Photos by Kelly O

Sarah Bergmann

Since 2008, Sarah Bergmann has quietly been building what may be the largest art installation in Seattle history. The Pollinator Pathway spans a mile of Columbia Street, from Seattle University to Nora's Woods. It's a series of gardens—when finished, there will be 60—in parking strips that are providing pollinating insects with a new thruway, biologically reconnecting two areas of the city.

Pathway is a microcosmic urban solution to the global megaproblem of pollinator decline (particularly colony collapse in honeybees that help provide most of our nongrain foods). It's also a landscape painting made with the broadest brush Bergmann could devise.

Bergmann made plein air paintings after graduating from Cornish in 1999. She'd capture the light, the views, the birds—but, she says, "it was BS!" Missing from her paintings were the buildings, parking lots, plastic bags. How to capture the entire system? She stopped painting, moved to New York, and found herself at an environmental ad agency working with, of all companies, Walmart, causing her to read up on distribution systems and pollinator decline. Walking in Manhattan one day, a bird suddenly fell at her feet. Migration, pollination, it all came together: She needed to create a project in her green home city of Seattle, where her mother had once selected her preschool according to how many plant species grew along the walk.

Tiny yellow "road" signs (for insects and bees to read!) dot the Pathway gardens if you kneel down to look. Bergmann hustles for grants, works mostly for free, and collaborates with property owners, botanists, beekeepers, and urban planners. Back in the studio, she's painting a new naturalist book, after Audubon, that reintegrates humans in nature. "You know, a naturalist book with semitrucks." She's shy. But her art wants world change. JEN GRAVES

Amanda Manitach

The unseen history of Amanda Manitach's ecstatic drawings and videos is her actual experience crawling, crying out, and rolling around on the floors of the neocharismatic churches of her Texas childhood while her father preached. Tongues were spoken. Humans barked, roared, and hissed. There was hysteria, and it was called good—as opposed to the symptoms of the 19th-century "women's condition" that Manitach later came to love and also to imbue into her art. Using just pencil on paper, she summons writhing visions of wadded-up fabric that appear to have been exorcised of some wild force. Or florid, syphilitic labia. Her videos might picture her mashing her foot into a stiletto that already contains a pool of bruise-blue paint and a piece of soaked bread. Or masturbating. (You see the ceiling she saw, then an electric shade of green that flashed on the screen when she dropped the iPhone to the ground.)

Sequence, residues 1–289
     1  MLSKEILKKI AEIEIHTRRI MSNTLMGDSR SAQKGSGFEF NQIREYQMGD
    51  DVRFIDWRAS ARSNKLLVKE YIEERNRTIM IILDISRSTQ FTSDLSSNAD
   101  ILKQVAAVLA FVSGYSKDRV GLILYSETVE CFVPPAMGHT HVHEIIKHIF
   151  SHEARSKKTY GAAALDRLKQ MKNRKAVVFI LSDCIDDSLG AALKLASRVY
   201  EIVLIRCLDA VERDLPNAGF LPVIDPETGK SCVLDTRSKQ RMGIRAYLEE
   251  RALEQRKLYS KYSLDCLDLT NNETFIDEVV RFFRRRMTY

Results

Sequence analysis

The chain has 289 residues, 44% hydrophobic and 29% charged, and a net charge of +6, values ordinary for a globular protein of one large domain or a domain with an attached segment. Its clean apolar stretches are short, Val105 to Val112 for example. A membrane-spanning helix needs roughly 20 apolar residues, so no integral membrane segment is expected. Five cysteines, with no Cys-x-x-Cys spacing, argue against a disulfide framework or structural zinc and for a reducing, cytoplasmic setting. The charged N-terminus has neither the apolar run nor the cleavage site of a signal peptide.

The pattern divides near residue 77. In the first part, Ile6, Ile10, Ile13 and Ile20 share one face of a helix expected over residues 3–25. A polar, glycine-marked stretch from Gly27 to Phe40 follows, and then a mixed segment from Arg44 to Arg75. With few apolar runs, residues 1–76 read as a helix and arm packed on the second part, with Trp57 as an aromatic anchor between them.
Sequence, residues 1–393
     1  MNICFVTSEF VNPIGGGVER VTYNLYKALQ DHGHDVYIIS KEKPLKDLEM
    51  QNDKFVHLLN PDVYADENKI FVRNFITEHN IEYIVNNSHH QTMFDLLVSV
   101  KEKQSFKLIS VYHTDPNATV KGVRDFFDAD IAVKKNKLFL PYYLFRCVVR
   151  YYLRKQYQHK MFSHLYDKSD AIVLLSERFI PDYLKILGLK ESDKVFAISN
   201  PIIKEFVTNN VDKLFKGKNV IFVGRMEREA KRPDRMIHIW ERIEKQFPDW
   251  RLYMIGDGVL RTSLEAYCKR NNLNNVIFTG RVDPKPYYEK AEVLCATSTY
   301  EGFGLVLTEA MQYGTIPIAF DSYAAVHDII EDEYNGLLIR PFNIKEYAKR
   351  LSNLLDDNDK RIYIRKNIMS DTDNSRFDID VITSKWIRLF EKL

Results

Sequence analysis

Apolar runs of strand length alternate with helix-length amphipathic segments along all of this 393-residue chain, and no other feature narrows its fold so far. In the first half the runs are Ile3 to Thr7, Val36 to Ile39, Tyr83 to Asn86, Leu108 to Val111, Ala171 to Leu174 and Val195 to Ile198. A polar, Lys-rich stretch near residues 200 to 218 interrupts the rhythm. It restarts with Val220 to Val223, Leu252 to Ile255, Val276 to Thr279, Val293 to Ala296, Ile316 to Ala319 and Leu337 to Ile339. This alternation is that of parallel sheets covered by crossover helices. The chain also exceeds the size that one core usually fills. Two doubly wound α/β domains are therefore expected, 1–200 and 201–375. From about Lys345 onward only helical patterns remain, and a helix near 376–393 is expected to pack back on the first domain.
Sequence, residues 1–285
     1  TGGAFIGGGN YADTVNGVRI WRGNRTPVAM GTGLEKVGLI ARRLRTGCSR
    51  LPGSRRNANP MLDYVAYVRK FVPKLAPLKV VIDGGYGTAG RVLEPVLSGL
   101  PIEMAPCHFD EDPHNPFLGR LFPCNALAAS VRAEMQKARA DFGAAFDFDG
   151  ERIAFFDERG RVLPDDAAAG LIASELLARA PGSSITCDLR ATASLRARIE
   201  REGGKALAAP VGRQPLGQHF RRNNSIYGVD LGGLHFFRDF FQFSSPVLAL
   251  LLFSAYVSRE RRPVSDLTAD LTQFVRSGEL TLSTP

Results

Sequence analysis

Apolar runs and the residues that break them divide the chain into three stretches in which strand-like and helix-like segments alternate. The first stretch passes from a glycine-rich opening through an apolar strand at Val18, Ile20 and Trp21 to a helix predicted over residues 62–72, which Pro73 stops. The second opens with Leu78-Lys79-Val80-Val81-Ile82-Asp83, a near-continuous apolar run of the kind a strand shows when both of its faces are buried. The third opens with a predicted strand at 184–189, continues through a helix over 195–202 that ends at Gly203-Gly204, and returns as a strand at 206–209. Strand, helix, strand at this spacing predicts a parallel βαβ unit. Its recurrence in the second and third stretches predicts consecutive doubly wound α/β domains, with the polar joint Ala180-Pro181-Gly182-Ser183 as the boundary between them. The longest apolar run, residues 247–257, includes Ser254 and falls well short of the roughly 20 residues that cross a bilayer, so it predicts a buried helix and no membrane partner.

Manitach is an atheist. "Christianity is so silly and so erotic and so infantile," she says; some of her favorite images are from the sexy crucifixion scenes in Jesus of Nazareth, the campy 1977 TV miniseries. ("When the body of Christ was autopsied, there was found one wandering uterus that had moored itself in the chest cavity, near the heart," Manitach wrote, breathlessly, in a prose poem for an artist zine.) At the same time, "I'm trying to approach ritual or liturgy in art. I'm alluding to the interconnectivity of the erotic experience and a religious or spiritually ecstatic experience." She's thrown out the baby but kept the bathwater, as another artist once told her. In her monochrome drawings and rainbow-bright videos—"I suck at painting; I don't paint"—she is trying to cause heart attacks, of a sort. She wants to evoke "that feeling: a palpitation." JEN GRAVES

Dan Webb

A hand throwing the sign of the horns—rock out, man—thrusts up, perfectly carved in wood, from a four-foot slab of rough and uncarved wood. Connecting the arm to the slab are carved chain links. Rock is one of Dan Webb's latest sculptures (going on view in August at Greg Kucera Gallery), and it embodies the reason he began carving back in 1990, during his final year at Cornish: "It just seemed badass."

At Seattle Art Museum, a local art historian was fooled into believing that Webb's carved Shroud was actually fabric. Another of Webb's pieces, Little Cuts, is a series of photographs he took as he carved a head, then whittled it away to sawdust. At the end of the row of photographs sits a Plexiglas box containing the dust. Webb made Little Cuts as his brother was dying of brain cancer; it serves as an unforgettable memorial.

He'd decided to become an artist at the age of 16, when he saw a picture of Robert Rauschenberg's late-1950s sculpture Monogram, a taxidermied goat wearing a rubber tire and standing atop a painted/collaged surface. He'd always made things, but, he says, "this was something you could enter on multiple levels." What was missing from the late-20th-century art he was studying "was making something that was astounding, that was just fucking awesome." Something intellectual, but pre-intellectual. As Webb likes to say, "Before art, there was carving." JEN GRAVES